I have been wanting to tell you about Amar from Hebron ever since my release. He is 22 years old and was 'residing' in the cell just across the hallway from mine. We could communicate through the hole in the cell door that the guards handed us food through. Amar had been in the cell for one month. His parents visit him for one hour twice a week, but besides that he is completely alone in there – and he is never allowed to leave the cell. He has no books, no newspapers, no pen and paper to draw or write, not even the Quran. My Swedish cellmate had managed to smuggle in a pen and we handed it to Amar along with the receipt from when I handed in my money, my shoelace and my belt. We wanted him to give us his phone number. After ten minutes the paper came back with the phone numbers but many other things as well. He had done drawings of birds being shot by soldiers and a bleeding heart and lots of Arabic writing (for example; "no peace with the wall'). In the bottom of the paper was written in big letters: "Ammar I love Palestin” in red. Above it was written with the black pen: "its my blod". Just to make sure we got it straight he whispered: "it is my blood" when he handed us the paper through the hole in the door.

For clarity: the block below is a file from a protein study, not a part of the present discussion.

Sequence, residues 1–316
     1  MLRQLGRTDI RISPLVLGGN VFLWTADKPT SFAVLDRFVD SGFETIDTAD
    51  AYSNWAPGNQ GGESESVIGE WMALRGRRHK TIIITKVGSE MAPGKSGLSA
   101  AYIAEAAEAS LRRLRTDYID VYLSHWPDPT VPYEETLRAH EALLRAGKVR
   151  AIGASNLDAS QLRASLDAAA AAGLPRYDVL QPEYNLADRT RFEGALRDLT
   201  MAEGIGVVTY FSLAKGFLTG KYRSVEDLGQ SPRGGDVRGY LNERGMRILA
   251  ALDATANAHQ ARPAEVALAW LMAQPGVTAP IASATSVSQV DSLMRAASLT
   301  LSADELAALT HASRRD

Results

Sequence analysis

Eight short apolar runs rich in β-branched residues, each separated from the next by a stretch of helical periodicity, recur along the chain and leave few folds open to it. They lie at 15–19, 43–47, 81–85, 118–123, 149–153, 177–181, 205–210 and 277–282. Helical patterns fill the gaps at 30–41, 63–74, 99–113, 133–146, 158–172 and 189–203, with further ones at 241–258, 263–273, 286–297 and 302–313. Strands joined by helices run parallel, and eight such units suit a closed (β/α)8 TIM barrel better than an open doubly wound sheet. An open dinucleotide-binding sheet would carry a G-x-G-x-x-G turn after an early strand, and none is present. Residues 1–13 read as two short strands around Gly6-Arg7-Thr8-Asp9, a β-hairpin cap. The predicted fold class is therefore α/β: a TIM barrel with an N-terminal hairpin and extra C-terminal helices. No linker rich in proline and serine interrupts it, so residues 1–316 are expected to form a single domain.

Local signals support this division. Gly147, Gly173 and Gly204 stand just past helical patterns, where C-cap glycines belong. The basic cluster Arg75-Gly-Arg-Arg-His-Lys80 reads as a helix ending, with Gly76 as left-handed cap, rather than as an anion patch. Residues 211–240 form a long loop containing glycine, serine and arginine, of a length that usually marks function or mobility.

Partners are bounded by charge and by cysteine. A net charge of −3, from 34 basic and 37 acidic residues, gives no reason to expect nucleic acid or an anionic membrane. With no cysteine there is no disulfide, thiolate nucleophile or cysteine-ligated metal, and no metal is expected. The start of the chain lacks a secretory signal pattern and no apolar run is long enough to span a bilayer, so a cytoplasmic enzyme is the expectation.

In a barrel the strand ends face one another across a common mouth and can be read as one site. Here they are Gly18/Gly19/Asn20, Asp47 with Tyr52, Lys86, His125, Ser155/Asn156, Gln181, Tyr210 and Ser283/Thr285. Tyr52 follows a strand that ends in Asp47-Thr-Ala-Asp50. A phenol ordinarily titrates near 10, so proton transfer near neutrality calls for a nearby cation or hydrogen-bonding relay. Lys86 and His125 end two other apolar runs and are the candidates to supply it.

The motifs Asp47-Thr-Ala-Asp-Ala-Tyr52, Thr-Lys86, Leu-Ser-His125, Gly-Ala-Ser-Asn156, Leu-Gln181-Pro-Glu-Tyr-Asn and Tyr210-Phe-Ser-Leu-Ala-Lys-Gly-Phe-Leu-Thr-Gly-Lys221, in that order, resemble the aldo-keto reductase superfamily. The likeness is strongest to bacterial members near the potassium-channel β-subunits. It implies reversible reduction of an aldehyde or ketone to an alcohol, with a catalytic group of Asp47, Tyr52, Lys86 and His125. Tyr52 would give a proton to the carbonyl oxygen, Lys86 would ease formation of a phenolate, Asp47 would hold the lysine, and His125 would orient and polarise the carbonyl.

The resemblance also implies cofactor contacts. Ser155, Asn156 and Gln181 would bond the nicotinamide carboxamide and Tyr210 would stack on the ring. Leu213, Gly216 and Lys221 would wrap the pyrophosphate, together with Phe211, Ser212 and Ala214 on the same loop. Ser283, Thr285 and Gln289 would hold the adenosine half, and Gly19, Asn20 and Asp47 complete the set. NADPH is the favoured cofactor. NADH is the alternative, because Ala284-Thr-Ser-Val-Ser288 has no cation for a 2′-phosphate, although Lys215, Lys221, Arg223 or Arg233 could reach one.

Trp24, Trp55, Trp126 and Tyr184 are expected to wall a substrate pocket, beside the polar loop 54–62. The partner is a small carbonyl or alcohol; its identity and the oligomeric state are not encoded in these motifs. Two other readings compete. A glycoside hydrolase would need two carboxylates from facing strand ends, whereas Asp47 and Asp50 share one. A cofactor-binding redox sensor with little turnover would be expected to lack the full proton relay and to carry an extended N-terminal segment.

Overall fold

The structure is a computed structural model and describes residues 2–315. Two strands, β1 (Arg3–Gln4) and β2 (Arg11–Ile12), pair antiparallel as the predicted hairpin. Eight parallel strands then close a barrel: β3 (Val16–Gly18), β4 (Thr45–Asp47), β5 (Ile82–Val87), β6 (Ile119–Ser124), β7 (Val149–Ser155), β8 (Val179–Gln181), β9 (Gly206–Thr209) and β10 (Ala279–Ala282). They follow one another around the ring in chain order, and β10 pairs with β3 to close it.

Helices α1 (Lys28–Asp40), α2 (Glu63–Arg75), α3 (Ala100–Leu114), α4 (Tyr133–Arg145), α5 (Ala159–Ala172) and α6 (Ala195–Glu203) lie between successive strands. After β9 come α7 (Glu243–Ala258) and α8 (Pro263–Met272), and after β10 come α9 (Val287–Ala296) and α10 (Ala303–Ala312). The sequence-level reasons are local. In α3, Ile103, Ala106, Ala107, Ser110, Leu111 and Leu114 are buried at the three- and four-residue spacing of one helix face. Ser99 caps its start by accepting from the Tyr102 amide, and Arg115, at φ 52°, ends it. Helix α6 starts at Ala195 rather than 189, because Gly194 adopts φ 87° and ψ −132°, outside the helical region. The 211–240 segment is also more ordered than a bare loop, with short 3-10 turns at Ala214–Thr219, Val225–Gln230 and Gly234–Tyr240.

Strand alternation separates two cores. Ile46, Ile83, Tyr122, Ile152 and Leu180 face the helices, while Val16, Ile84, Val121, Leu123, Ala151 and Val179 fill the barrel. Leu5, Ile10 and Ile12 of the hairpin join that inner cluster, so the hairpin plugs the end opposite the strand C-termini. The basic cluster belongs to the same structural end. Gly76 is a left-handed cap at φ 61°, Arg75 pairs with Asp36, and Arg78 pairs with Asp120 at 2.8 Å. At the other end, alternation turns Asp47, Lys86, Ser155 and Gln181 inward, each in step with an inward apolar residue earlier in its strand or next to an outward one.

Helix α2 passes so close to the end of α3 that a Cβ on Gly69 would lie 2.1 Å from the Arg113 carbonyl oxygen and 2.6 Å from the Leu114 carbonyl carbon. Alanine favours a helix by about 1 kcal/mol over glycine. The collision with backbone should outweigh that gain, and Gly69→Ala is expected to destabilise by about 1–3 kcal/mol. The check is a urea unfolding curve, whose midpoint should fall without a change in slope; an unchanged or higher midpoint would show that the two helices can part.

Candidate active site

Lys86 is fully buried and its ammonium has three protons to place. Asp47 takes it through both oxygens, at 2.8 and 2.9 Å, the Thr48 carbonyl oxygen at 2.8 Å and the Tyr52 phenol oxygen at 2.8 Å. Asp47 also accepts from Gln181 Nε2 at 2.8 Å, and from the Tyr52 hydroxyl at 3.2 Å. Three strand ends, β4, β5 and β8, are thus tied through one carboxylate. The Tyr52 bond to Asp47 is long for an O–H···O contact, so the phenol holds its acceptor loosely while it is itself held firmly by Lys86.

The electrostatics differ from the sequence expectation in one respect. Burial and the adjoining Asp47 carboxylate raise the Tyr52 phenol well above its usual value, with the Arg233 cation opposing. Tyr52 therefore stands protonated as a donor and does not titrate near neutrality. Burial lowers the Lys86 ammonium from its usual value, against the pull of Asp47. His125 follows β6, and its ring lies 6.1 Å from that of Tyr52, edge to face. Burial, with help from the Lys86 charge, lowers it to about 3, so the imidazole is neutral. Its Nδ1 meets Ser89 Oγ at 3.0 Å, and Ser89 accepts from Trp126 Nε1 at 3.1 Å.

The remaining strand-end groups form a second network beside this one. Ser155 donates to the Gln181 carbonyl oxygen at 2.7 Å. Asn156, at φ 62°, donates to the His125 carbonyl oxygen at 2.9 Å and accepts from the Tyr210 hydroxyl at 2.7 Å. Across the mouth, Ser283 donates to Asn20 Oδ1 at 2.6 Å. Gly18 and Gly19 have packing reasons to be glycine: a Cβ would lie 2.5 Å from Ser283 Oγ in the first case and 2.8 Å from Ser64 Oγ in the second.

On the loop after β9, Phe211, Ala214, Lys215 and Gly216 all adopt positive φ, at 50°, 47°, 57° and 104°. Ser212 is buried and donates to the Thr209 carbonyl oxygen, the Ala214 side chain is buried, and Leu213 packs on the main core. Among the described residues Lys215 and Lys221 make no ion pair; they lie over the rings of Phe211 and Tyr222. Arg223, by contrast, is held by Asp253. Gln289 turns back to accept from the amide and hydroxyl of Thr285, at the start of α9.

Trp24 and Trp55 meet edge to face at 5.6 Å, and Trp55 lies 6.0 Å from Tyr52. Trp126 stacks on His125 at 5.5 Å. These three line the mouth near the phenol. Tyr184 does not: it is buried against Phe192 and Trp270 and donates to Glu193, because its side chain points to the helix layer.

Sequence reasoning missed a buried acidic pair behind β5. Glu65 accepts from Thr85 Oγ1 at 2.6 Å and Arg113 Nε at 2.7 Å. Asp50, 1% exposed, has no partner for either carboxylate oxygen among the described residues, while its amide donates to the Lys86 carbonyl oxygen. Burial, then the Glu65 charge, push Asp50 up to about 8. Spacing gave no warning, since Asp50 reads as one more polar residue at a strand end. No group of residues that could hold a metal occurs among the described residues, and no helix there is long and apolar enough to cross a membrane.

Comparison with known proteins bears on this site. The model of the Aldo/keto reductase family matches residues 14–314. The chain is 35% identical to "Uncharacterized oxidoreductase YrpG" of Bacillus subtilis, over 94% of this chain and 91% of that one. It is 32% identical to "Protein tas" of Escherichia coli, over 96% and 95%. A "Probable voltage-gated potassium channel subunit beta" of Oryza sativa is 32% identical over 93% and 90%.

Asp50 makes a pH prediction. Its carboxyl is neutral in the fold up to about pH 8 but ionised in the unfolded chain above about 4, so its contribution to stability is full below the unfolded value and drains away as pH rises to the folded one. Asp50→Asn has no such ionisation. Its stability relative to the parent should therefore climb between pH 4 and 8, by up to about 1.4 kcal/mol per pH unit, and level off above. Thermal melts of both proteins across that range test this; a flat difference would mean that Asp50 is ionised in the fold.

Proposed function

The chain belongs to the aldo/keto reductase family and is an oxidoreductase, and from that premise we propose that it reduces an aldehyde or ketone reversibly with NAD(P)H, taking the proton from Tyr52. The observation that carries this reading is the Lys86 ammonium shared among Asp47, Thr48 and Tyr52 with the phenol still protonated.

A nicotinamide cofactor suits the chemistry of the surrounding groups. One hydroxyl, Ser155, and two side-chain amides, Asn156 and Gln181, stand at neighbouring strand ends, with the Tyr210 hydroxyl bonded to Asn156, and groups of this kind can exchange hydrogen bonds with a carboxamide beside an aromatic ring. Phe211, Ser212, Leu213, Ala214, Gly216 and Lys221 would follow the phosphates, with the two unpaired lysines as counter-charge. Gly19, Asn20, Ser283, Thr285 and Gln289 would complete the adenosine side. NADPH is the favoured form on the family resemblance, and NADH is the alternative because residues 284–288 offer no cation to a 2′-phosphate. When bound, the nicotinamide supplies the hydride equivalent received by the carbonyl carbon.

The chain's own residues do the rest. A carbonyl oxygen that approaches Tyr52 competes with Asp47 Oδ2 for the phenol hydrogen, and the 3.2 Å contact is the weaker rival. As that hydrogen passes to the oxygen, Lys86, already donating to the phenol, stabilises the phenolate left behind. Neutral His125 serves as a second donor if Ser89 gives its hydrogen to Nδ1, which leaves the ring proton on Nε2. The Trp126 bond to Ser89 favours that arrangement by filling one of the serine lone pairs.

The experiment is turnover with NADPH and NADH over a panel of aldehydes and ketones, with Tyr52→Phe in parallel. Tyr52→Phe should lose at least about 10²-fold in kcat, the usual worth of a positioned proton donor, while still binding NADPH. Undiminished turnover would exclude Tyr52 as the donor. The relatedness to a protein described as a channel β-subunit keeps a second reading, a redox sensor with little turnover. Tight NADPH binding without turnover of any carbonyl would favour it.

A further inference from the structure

Amar told us that he is in so called administrative detention, which means that he is detained for up to six months at a time without right to see or talk to a lawyer or a judge. All it takes is that one Israeli military officer signs a form saying that you are a security threat to the state of Israel. Amar has been told that he would be held for six months, but the truth is that he never knows for sure. Like the hundreds of other detainees, Amar’s detention order can be prolonged with six more months if any officer in the Israeli army officer wants it. Sometimes the detainee gets released just to be detained once again one of the following days. Still without having the right to lawyer or judge.

Amar’s crime was living in Hebron and working in Jerusalem. Palestinians need a special permit from the Israeli authorities to enter Jerusalem legally and like most Amar couldn't get one. So every day he would go to Jerusalem illegally to work, but of course one day a month ago he was caught.